Postal worker charged with mail theft

January 06, 2000|By MARLO BARNHART

A postal clerk at the Hagerstown Post Office who was charged Wednesday with stealing a $600 ring from a registered parcel in early October said Thursday she will plead guilty to the crime.

Jerrie Lynn Coby, who resigned Wednesday after 12 years with the U.S. Postal Service, said by telephone from her Pennsylvania home that she hopes her former fellow employees will forgive her.

Coby, 44, of Greencastle, Pa., faces one count of mail theft. She was arraigned Wednesday in Baltimore and released, according to U.S. Attorney's Office documents.

The maximum penalty for a mail theft conviction is five years and/or a $250,000 fine, according to U.S. Attorney Andrew Norman.


"I regret my mistake," Coby said Thursday. "I have sought help over the past 10 years, except for postal employee assistance which was never offered."

On Oct. 21, the U.S. Postal Inspection Service received information from Hagerstown Post Office supervisor Robin Wells that a registered first class mail parcel addressed to a Hagerstown woman from a New Market, Md., business had been stolen, court records said.

A check revealed there had been an attempt to deliver that parcel on Oct. 9, but no one was home so the package was returned to the post office, court records said.

That package and five others were left in a mail tray on Wells' desk for the remainder of the Oct. 10-11 holiday weekend when they should have been secured in a vault, a slip attributed to a new employee, court records said.

When one of the six packages was found to be missing, an investigation was initiated, court records said.

That investigation led to an interview with the sender in New Market, who gave a detailed description of the ring and confirmation that the customer never received it, court records said.

A videotape that recorded activity on Oct. 11 and 12 was obtained by postal officials and reviewed, court records said. Those tapes showed Coby taking the tray containing the packages and then returning the tray later on one of those two days, court records alleged.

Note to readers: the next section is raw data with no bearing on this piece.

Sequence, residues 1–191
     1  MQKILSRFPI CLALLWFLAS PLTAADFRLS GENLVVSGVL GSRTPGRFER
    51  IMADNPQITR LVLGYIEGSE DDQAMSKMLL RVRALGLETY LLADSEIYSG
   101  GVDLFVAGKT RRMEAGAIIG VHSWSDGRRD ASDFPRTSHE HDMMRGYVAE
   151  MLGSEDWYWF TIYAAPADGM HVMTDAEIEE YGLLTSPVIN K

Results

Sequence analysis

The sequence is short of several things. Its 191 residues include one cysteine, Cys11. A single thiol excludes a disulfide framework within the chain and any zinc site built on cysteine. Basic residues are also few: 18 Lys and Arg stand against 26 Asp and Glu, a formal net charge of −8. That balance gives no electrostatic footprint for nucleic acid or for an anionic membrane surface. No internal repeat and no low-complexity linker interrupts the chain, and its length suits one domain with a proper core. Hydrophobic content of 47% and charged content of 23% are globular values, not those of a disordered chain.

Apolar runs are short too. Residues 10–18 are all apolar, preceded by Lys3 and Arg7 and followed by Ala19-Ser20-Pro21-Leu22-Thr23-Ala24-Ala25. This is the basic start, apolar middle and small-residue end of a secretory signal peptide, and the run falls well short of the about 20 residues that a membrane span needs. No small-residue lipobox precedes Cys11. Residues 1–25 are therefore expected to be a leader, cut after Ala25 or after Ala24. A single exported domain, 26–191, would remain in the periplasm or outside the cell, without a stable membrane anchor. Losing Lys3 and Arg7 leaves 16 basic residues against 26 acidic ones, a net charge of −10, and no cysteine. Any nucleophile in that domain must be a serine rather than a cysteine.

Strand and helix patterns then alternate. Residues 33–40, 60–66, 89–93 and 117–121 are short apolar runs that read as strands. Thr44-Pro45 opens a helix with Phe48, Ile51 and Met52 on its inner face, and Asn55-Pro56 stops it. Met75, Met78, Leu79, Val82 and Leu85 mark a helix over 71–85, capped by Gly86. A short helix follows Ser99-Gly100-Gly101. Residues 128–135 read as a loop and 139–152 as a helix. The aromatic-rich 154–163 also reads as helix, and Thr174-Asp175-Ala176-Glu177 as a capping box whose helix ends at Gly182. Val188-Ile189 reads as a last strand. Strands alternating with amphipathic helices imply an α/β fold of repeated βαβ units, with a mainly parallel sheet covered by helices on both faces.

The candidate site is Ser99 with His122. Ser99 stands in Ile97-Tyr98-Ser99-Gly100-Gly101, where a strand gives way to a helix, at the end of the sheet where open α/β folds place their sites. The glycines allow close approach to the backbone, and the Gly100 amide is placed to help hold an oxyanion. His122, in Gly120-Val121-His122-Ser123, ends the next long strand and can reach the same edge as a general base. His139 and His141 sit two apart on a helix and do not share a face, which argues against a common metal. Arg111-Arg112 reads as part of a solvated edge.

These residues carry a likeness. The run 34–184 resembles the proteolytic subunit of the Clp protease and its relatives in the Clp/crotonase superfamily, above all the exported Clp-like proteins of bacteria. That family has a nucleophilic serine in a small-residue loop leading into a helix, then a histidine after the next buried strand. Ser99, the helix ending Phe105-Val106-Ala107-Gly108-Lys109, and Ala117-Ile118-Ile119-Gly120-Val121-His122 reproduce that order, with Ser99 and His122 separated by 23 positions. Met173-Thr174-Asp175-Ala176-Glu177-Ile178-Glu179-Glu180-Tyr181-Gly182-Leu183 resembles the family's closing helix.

Based on those videotapes, two registered mail parcels containing jewelry were routed through the Hagerstown Post Office and were handled correctly by Coby, court records said.

The investigation was revived in late December when an anonymous tip led postal inspectors to a Hagerstown pawn shop where the missing ring was found and identified by the New Market store owner who made the ring, court records said.

The pawnbroker said he bought the ring for $40 from a woman wearing a postal jacket a week earlier, court records said. That woman gave a Pennsylvania driver's license with photo for identification that matched Coby's driver's license number, court records said.

Postal authorities in Hagerstown, at the regional office in Frederick and at the Baltimore office had no comment.

Tom Boyle, a spokesman for the U.S. Postal Service in Baltimore, confirmed that Coby resigned Wednesday.

"I hope all the residents of Washington County realize there are many, many good employees in the Hagerstown post office who do their work and do it well," Coby said. "I pray they will forgive me."

The Herald-Mail Articles